In this portrait, Lord Palmerston wears the badge, known as ‘the Lesser George’, the riband, or sash, and the star of the Order of the Garter, the highest English Order of Chivalry. He holds documents in his left hand and leans back onto a dispatch box (traditionally used by government ministers to carry documents), which rests on a plinth.
Sir Francis Grant, son of a Scottish Laird, took up painting professionally after having exhausted his £10,000 inheritance by his late 20s. An early enthusiasm for fox hunting led him to settle at Melton Mowbray, Leicestershire, the centre of hunting society, where he studied under the well-known sporting painter, John Ferneley. In 1840 Grant’s portrait of Queen Victoria riding with Prime Minister Lord Melbourne and others in the Great Park at Windsor established his reputation and he soon became one of the most fashionable society painters of the day. He was elected a member of the Royal Academy in 1851 and its President in 1865. Grant died at the age of 75 and was buried at the cemetery near his country residence at Melton Mowbray.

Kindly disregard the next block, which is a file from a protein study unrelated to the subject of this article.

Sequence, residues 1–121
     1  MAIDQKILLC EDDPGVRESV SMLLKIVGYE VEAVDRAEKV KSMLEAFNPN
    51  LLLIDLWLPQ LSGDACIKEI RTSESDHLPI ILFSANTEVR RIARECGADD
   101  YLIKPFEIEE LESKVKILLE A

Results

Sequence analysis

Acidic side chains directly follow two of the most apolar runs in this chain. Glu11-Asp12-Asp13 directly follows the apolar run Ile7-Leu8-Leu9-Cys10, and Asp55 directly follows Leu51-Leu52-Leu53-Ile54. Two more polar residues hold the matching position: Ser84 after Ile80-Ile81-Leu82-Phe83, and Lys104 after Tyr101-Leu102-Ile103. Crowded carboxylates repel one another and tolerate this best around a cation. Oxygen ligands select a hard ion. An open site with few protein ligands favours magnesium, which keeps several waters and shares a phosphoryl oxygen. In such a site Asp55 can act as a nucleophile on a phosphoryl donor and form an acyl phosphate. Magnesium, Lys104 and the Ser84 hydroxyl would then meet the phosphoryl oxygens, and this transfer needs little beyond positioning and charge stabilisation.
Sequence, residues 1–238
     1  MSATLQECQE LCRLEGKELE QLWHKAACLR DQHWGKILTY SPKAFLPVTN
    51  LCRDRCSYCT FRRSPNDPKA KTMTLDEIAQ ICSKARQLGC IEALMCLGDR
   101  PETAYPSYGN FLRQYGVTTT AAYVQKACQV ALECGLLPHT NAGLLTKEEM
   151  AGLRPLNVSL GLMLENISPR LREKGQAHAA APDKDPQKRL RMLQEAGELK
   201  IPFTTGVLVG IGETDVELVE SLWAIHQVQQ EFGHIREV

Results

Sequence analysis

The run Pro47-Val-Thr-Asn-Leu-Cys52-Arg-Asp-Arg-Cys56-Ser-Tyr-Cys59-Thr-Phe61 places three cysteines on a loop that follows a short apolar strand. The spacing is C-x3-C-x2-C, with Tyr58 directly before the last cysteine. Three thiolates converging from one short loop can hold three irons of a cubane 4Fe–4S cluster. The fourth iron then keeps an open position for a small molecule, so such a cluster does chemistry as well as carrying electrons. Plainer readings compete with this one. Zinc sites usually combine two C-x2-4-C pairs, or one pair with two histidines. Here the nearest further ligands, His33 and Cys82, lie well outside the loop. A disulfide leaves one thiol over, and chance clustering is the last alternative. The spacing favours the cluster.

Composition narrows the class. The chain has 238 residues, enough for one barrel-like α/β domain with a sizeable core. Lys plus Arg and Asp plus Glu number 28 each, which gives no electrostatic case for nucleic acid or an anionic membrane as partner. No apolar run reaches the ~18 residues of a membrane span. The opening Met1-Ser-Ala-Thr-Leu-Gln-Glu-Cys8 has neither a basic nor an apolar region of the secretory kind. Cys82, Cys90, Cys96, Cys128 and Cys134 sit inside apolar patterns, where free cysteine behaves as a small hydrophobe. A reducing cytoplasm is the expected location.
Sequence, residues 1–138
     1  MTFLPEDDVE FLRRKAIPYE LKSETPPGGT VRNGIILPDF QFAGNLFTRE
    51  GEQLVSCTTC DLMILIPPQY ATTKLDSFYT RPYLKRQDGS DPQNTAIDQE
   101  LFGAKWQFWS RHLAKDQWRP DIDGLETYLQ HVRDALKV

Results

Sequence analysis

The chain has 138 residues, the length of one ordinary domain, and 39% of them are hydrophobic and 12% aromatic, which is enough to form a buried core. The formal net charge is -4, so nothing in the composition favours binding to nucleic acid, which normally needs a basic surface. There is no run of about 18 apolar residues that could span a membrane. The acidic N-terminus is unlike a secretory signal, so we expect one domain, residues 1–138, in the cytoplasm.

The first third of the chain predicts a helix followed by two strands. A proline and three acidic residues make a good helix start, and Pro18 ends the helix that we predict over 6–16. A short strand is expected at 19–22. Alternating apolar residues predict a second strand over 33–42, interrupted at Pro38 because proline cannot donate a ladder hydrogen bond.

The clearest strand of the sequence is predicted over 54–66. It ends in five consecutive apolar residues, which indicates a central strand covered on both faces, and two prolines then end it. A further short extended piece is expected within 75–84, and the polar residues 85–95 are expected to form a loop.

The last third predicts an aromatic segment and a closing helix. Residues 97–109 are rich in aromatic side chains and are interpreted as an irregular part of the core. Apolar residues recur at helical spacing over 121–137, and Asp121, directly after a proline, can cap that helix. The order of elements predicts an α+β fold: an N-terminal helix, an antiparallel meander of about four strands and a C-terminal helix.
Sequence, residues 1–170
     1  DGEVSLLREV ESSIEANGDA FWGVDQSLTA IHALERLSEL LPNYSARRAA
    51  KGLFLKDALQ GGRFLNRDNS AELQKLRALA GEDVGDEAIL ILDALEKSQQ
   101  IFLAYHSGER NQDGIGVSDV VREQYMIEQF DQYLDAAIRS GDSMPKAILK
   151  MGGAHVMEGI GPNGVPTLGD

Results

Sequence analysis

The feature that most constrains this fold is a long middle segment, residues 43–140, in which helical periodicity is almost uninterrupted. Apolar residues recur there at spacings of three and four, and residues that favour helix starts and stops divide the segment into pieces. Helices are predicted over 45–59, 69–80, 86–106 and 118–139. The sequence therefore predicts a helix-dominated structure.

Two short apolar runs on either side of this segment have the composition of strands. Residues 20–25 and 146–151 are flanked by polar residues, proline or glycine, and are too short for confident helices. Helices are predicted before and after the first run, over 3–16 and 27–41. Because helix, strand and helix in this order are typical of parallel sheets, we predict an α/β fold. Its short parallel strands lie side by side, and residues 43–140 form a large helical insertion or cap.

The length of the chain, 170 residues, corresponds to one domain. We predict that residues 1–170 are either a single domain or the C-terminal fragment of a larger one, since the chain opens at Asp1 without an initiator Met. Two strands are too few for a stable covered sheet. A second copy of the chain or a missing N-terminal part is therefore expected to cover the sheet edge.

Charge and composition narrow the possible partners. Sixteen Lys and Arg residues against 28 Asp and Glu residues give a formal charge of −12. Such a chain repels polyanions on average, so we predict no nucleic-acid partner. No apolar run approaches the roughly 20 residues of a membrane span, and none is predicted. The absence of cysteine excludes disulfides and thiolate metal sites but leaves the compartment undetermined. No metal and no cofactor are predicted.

Henry Temple, 3rd Viscount Palmerston (1784-1865) Prime Minister
Oil on canvas
height: 141.00 cm, width: 111.50 cm
Purchased from Christie's, 28 February 1947
Collection of company promoter Albert Grant, Baron Grant in the Italian nobility (1831-1899) of 41 Queen’s Gate Terrace, Kensington, London, (purchased for 1,200 guineas); collection of J. M. Woodgate; on whose behalf sold by J. M. Woodgate through Christie’s, London, on 7 June 1879 (Lot 70), for 290 guineas (or £304.10.0), as ‘Portrait of Lord Palmerston’; from which sale purchased by ‘Graves’ (possibly writer on art Algernon Graves, 1845–1922); sold through Christie’s, London, on 28 February 1947 (Lot 55); from which sale purchased by ‘Scott’ on behalf of the Office of Works
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